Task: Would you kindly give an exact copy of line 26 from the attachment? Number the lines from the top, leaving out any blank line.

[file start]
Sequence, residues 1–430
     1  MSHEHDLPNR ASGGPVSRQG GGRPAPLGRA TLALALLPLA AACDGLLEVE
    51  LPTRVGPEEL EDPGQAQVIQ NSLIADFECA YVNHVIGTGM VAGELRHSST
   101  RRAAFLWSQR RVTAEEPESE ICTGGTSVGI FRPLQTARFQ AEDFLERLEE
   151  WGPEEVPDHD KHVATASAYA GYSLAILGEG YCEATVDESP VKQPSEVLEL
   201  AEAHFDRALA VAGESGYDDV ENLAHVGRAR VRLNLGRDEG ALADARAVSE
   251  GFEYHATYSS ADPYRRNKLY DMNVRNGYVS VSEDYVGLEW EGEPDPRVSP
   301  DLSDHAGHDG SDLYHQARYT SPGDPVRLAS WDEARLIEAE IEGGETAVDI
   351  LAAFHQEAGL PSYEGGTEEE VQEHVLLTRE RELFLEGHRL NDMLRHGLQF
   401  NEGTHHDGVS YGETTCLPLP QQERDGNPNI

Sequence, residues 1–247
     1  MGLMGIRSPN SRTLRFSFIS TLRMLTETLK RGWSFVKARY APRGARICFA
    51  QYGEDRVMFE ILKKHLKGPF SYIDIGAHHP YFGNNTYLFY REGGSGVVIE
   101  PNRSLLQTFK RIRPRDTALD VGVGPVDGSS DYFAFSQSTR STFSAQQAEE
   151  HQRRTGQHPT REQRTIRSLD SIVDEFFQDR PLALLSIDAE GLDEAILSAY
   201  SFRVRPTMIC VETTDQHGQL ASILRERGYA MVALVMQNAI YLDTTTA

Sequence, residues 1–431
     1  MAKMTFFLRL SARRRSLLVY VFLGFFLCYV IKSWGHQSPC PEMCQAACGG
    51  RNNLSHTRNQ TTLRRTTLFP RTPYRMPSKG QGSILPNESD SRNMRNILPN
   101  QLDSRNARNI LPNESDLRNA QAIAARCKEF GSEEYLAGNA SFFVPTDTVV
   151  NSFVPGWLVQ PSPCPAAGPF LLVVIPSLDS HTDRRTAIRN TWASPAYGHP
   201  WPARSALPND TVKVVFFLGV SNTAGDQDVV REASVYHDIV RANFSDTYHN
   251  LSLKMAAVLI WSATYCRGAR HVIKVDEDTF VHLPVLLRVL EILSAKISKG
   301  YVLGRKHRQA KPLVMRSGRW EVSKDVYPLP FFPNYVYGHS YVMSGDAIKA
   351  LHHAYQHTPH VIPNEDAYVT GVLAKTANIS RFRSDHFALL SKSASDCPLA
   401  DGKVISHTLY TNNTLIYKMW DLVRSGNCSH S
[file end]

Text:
   401  DGKVISHTLY TNNTLIYKMW DLVRSGNCSH S